When news broke last month that three dangerous software vulnerabilities in Apple’s mobile operating system were discovered, the Cupertino, Calif.-based electronics giant sounded the alarm and quickly pushed out a software update to its customers.
Apple’s concern, however, is apparently not shared by a majority of its customers, according to new data collected by San Francisco-based data analytics firm MixPanel.
[Read More: Uncovered sophisticated spyware forces an iOS update]
In spite of the vulnerability revelations, just 14 percent of the world’s iPhones downloaded the security patch, MixPanel told Business Insider. MixPanel relied on “partners sharing the version of iOS people are using to download their apps” to get an accurate estimate of updated iPhones.
Security experts tells FedScoop they aren’t surprised by the poor download rates though, instead they fully expected it.
“The fact that 86 percent of the iPhone users do not download the appropriate fixes to these hacks and attacks is not only not surprising, but rather, very much in line with the general lack of situational awareness of most users,” said DHR International’s security expert Peter Metzger.
The iOS vulnerabilities were originally discovered by a research team comprised by digital rights watchdog CitizenLab and mobile security firm Lookout.
“[Optional, remote downloads] are only partially effective. Consumers need to pay closer attention to these updates when issued, particularly updates addressing severe security issues. An automatic download, i.e., a push system, would achieve better results [than Apple’s current procedure],” said Elad Yoran, a former cybersecurity adviser to the FBI and Department of Homeland Security.
Evidence suggests the three iOS zero-day exploits were rolled into a single cyber weapon codenamed Pegasus — capable of remote surveillance and exporting photos, messages and other data. The weapon was reportedly used by the United Arab Emirates government to target a human rights advocate. The report further found it was engineered by an Israeli defense contractor known as the NSO Group.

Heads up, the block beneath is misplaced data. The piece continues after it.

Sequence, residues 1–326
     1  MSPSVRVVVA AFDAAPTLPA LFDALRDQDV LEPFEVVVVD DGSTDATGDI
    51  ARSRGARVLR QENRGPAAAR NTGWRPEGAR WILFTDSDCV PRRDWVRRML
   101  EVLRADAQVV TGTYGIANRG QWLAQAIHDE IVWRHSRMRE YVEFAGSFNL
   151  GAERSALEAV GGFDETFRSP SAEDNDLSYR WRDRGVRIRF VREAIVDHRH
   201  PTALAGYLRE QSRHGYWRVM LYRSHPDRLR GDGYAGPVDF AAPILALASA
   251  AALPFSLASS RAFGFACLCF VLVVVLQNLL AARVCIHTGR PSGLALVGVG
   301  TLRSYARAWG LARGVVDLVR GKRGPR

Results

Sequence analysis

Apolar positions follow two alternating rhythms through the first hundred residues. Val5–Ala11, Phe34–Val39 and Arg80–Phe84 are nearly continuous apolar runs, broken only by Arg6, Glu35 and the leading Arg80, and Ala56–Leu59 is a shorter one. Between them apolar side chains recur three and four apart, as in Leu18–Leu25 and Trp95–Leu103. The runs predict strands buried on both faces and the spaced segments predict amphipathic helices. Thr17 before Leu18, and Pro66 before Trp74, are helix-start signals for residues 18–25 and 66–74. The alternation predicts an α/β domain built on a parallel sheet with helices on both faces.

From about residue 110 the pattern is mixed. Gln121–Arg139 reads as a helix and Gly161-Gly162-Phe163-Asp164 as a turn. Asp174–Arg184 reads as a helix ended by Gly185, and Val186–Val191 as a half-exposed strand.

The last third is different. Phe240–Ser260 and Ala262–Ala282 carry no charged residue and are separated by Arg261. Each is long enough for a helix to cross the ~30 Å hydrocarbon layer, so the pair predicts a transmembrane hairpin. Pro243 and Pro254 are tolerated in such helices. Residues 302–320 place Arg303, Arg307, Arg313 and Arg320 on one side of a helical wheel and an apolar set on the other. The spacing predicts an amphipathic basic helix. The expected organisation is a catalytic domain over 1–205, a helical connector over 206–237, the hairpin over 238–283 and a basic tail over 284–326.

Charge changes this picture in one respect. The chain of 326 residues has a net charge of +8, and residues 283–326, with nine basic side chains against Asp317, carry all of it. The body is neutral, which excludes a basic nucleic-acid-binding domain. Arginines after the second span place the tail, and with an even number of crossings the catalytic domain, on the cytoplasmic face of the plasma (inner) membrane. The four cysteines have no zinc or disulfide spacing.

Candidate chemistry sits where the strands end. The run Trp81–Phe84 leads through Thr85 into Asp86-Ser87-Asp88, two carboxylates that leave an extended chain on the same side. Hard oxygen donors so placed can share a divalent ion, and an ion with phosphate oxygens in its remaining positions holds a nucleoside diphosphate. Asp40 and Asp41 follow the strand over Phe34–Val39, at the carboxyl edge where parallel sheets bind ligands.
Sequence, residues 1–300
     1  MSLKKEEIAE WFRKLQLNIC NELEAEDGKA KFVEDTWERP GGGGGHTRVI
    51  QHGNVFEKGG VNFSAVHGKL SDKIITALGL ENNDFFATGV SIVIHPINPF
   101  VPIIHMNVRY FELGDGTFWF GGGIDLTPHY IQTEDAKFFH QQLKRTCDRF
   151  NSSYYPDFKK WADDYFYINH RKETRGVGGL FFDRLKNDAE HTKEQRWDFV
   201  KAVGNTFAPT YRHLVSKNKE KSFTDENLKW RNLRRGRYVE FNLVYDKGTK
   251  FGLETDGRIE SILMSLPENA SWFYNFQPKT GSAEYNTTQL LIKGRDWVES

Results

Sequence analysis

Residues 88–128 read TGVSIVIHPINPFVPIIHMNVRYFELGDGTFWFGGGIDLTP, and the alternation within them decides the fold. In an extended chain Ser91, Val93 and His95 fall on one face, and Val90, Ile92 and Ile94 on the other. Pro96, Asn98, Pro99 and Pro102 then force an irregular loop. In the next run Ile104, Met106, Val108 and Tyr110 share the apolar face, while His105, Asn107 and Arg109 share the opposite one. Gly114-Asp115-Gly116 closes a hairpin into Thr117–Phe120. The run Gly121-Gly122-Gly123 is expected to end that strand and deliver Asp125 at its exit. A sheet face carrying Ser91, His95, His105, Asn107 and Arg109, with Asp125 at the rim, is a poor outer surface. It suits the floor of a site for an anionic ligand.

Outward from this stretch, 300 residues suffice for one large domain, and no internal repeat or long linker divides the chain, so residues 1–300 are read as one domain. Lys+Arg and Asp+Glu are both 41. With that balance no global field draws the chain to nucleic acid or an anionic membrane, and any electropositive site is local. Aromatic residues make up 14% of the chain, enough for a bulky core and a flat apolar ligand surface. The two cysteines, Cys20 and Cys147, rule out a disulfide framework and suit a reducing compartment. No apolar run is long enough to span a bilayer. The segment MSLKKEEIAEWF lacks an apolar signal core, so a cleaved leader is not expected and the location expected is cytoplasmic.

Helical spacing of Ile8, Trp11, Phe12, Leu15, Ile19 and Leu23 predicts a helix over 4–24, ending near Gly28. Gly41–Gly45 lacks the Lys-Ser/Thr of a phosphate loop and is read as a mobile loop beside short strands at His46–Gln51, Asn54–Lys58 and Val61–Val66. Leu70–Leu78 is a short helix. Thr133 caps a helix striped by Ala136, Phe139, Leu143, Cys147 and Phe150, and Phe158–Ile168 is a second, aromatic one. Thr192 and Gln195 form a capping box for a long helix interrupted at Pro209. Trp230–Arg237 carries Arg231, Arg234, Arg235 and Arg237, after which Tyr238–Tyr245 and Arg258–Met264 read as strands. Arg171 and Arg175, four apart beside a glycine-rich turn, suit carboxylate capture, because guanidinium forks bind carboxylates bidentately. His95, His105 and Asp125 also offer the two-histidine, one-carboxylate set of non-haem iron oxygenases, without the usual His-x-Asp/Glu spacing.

“[Though] warnings are issued and emphasized, most users are generally lackadaisical [with updates],” said Metzger, a former CIA intelligence officer and security consultant to the intelligence community.
Pegasus is nearly impossible to detect and will enable broad access to a victim’s iPhone data. To break into an iPhone, running iOS 9.3.5 or later, hackers only need a victim to tap a link embedded in a text message once.
“This number [86 percent non-download for the patch] is surprisingly high, but not shocking,” said Yoran, now a venture capitalist who invests in cybersecurity startups. “It speaks to why we should have a system of forced downloads when important security updates are released. Also, this issue is compounded in BYOD [bring your own device] environments because individuals’ failure to download patches can place sensitive organizational data at risk.”
At the moment, about 88 percent of iPhones are running iOS 9 or later, while the remaining 12 percent run some iteration of iOS 8 or older, according to Apple’s app development website. The developer website, however, does not differentiate between different versions of iOS 9 — so as a result, it’s unclear exactly how many customers downloaded version 9.3.5.